Lead archaeologist Prof. Konstantin Totev demonstrates the findings from the discovery of the previously unknown church in the Trapesitsa Fortress. Photos: Yantra Dnes daily

Assoc. Prof. Diana Toteva from the Veliko Tarnovo Regional Museum of History is researching the newly discovered frescoes and murals.

The teams of the two other lead archaeologist continuing the research of the Trapesitsa Fortress are active, with Rabovyanov excavating the southern section and church No. 22, and Robov expecting funding to start digs in the southeastern section.

All three teams are working based on a long-term program for Trapesitsa of the National Institute and Museum of Archaeology, and are coordinated with a project for its restoration and exhibition in situ authored by architect Plamen Tsanev.

In 2015, a 3D model of a late medieval residential quarter from the Trapesitsa Fortress was produced based on the research of archaeologist Deyan Rabovyanov.

A 3D model showing what the neighboring other citadel of Tarnovgrad, the Tsarevets Fortress, looked like, was produced in 2016.


Relevant Books:

Biblical Archaeology Review

DK Eyewitness Travel Guide Bulgaria

Lonely Planet Romania & Bulgaria (Travel Guide)

Bulgaria History, Early Settlement and Empire: Pre-Bulgarian Civilizations, Communism, Society and Environment, Economy, Government and Politics

The Middle Ages

Ancient Worlds: A Global History of Antiquity

The Myth of the Strong Leader: Political Leadership in the Modern Age


Background Infonotes:

The Trapesitsa Hill is one of two main fortified historic hills in the medieval city of Tarnovgrad, today’s Veliko Tarnovo, in Central Northern Bulgaria, the capital of the Second Bulgarian Empire between 1185 and 1396 AD. Together with the Tsarevets Hill, Trapesitsa was one of the two fortresses of the inner city acropolis of Tarnovgrad (Veliko Tarnovo). The Trapesitsa Hill is a natural fortress on the right bank of the Yantra River, and is surrounded by it on three sides. It is located northwest of the Tsarevets Hill. The Trapesitsa Fortress had four gates, the main one being its southern gate, which was also connected with the Tsarevets Fortress with a bridge across the Yantra River. There are two hypotheses about Trapesitsa’s name. The first one is that it comes from the Bulgarian word “trapeza" meaning a “table" or “repast", possibly referring to the receptions of the medieval Bulgarian Tsars; the second hypothesis is that the word comes from “trapezium" because the hill is in fact is a trapezoidal plateau.

The first archaeological excavations on the Trapesitsa Hill Fortress in Bulgaria’s Veliko Tarnovo between 1884 and 1900 revealed the foundations of 17 medieval Bulgarian churches with fragments of rich murals, colorful mosaics, and beautiful floor tiles. The documented artifacts discovered there include crosses, necklaces, coins, rings, earrings, vessels. The churches on Trapesitsa were richly decorated with various architectural forms such as pilasters, niches, blind arches, colored slabs, among others.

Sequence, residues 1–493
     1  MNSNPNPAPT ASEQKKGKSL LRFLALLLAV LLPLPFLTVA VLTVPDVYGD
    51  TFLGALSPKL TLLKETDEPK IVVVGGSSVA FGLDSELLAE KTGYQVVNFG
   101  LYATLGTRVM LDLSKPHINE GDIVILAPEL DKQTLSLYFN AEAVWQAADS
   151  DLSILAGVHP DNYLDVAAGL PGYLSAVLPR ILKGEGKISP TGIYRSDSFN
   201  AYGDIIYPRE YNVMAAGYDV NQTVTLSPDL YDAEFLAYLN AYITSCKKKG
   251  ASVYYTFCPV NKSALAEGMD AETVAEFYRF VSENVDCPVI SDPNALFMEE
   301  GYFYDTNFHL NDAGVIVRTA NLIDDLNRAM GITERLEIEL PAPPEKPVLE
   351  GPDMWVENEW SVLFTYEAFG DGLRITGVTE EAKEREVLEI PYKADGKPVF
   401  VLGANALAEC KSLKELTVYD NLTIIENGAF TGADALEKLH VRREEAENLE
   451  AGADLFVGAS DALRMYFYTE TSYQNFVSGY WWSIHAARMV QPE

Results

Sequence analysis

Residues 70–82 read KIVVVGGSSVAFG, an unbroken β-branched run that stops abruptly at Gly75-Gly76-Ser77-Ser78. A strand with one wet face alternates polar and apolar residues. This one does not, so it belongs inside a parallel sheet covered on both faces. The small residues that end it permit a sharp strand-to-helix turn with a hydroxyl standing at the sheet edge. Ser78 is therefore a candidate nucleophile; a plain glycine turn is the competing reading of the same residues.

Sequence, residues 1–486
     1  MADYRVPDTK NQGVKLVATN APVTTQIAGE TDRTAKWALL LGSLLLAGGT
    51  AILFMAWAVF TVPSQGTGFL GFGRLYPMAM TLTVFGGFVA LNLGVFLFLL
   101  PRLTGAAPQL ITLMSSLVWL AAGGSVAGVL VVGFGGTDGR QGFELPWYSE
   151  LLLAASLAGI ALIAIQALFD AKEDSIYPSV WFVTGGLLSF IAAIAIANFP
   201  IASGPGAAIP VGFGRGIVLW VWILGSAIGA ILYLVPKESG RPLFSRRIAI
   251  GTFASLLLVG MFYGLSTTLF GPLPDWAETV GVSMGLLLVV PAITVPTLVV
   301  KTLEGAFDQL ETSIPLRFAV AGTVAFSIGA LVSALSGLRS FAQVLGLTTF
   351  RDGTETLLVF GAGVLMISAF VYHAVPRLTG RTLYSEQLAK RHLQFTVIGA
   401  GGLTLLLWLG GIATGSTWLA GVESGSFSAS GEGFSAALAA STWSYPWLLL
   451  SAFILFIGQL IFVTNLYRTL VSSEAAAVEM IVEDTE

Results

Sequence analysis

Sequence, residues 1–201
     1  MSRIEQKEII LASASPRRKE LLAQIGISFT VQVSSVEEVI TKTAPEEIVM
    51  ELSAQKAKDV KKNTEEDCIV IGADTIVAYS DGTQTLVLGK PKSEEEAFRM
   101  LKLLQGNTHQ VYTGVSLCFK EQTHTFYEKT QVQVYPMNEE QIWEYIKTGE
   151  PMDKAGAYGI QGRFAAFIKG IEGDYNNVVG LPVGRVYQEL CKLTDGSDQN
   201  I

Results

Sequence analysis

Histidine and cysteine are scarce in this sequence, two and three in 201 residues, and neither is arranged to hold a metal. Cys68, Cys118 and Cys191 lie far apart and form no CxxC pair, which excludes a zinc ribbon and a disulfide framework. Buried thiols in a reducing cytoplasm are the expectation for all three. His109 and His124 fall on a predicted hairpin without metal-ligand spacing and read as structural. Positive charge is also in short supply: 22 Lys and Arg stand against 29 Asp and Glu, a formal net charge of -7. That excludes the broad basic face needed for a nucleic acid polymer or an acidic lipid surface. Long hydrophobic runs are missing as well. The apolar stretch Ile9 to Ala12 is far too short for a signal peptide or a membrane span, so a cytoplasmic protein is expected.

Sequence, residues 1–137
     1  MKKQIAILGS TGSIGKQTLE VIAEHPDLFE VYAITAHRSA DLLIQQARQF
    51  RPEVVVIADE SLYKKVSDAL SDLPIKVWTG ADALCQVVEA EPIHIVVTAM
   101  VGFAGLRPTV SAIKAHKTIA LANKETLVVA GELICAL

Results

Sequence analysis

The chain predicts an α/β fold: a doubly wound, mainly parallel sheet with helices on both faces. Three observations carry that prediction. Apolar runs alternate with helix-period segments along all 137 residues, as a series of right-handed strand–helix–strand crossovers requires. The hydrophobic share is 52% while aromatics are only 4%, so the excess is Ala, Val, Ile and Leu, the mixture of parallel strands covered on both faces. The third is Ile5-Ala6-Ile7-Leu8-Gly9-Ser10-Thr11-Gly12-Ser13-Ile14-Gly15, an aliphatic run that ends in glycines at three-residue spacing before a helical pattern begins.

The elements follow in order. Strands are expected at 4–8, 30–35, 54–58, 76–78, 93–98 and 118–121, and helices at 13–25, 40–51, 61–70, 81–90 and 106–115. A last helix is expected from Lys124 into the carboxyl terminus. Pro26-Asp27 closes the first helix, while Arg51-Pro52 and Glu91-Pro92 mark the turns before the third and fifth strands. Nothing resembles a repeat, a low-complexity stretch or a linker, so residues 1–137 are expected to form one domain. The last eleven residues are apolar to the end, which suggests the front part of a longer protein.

The largest preserved church on the Trapesitsa Hill known as “Church No. 8″ is named after the 10th century AD Bulgarian saint, St. Ivan Rilski (St. John of Rila) (876-946 AD); it was surrounded with other buildings which are believed to have been part of a monastery complex. It is known that in 1195 AD, Bulgaria’s Tsar Asen I (r. 1189-1196 AD) transported the relics of St. Ivan Rilski from the city of Sredets (today’s Sofia) to Tarnovgrad (today’s Veliko Tarnovo), and had them placed in the specially constructed church on the Trapesitsa Hill. The Bulgarian archaeologists believe that a room in the southern part of Church No. 8 was the reliquary for St. Ivan Rilski’s relics. The relics of St. Ivan Rilski (St. John of Rila), who is Bulgaria’s patron saint, were kept in Veliko Tarnovo until 1469 AD when they were transported to the Rila Monastery where they are kept to this day in what became a major event for the Bulgarians during the early period of the Ottoman Yoke (1396-1878/1912), as the Second Bulgarian Empire had been conquered by the invading Ottoman Turks in 1396 AD.

The numerous and richly decorated small churches indicate that the Trapesitsa Hill harbored the homes of the medieval Bulgarian nobility, the boyars, and the supreme clergy. More recent excavations, however, also indicate that the imperial palace of the early Bulgarian Tsars from the House of Asen (the Asen Dynasty, r. 1185-1257 AD) was in fact located on the Trapesitsa Hill, and the imperial seat was possibly moved to the nearby Tsarevets Hill only later, during the reign of Tsar Ivan Asen II (r. 1218-1241 AD). In the recent years, the Trapesitsa Hill has been excavated by Prof. Konstantin Totev from the Veliko Tarnovo Branch of the National Institute and Museum of Archaeology of the Bulgarian Academy of Sciences, and by Prof. Hitko Vatchev from the Veliko Tarnovo Regional Museum of History.